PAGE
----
Supreme Commander Review

Ratings: Gameplay: 22/25, Graphics amp; Audio: 21/25, Creativity 20/25, Fun 23/25
Total: 86/100
THQ and Gas Powered Games team up to put you in command of hordes of robots to defeat other hordes of robots commanded by two other factions. Sounds like an over simplified explanation but it works and is very literally the truth. Supreme Commander is a real time simulation with a science fiction twist and an interesting story line but the biggest thing that this real time sim has going for it is the sheer size.

Most of the story gets lost in the gameplay and action as you battle for domination on a wide variety of map terrains and sizes. That is not to say that there is no story here or that it is not a good one, it’s just that it is not really required in this excellent real time sim game. But the story does add nicely to this overall very well made and exciting real time strategy and tactical simulation.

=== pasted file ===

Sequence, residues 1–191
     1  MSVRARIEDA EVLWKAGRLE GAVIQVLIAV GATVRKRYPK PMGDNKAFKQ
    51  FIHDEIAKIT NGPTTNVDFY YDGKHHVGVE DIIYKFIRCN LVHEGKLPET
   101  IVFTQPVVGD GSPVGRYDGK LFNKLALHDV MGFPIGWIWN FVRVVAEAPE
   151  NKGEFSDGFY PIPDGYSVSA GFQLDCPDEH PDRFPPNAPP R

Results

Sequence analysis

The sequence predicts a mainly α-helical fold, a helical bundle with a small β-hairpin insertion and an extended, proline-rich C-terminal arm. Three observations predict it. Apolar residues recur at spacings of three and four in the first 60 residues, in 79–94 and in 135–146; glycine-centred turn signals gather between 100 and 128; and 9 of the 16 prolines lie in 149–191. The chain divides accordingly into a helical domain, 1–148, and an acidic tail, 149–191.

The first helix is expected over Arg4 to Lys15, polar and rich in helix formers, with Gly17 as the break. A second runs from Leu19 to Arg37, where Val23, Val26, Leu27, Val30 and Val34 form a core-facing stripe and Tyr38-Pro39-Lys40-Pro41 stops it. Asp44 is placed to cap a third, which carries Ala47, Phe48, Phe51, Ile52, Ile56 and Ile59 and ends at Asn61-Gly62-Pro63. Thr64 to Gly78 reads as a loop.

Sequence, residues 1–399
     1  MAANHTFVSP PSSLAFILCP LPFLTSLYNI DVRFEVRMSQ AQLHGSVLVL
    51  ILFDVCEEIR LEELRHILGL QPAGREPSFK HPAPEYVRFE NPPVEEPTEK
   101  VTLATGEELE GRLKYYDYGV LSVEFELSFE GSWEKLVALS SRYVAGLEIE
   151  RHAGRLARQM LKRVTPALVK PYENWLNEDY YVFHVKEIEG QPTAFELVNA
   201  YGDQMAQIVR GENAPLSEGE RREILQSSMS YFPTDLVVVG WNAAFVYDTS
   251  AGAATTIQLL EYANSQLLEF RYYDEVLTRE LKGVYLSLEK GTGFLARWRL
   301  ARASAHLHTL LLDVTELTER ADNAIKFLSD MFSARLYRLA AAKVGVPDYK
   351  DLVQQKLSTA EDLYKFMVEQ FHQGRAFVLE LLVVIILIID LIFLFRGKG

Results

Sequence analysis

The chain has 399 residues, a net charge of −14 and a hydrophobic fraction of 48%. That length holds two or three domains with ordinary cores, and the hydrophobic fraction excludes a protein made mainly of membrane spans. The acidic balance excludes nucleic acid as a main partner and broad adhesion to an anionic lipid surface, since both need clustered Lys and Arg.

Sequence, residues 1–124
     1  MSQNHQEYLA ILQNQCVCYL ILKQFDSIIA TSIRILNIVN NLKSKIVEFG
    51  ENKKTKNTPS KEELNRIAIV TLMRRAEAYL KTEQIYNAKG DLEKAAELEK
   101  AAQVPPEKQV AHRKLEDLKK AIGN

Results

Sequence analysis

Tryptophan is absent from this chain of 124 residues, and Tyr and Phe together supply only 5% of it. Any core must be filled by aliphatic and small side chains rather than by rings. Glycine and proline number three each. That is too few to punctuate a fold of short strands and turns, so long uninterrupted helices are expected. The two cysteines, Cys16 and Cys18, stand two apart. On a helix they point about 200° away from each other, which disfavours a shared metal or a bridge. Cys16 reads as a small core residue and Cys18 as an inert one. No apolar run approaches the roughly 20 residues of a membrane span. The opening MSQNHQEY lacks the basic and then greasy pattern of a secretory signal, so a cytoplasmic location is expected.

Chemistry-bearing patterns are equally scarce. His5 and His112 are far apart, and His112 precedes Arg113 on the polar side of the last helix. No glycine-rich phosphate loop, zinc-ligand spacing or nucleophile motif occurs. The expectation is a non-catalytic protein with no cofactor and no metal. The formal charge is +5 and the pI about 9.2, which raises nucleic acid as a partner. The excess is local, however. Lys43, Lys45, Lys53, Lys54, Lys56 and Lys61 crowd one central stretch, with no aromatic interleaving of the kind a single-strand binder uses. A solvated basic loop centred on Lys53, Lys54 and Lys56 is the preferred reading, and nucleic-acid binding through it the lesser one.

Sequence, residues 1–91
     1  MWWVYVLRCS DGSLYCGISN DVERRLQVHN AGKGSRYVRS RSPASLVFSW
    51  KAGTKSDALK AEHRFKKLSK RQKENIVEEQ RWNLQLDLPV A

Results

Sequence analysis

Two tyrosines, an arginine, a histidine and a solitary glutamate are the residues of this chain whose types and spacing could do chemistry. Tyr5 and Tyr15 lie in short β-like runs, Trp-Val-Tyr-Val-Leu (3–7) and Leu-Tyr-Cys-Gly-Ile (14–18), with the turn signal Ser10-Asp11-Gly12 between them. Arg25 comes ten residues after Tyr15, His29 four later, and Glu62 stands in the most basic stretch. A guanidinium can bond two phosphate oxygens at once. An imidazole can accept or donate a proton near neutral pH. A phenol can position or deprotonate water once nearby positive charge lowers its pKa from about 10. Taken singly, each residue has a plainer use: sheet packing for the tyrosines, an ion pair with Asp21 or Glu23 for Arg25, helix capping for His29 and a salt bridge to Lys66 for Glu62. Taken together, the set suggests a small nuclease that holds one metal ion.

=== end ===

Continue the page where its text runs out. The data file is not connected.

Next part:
In all the real time simulations I have played Supreme Commander has to be the largest playing field possible. Many of the maps in the campaign start you out with a smaller map about 5 kilometers square only to have the map increase every time you complete a major goal. By the end of each campaign section your playing on a large 81 KM square map with a large peninsula, a few islands and open sea.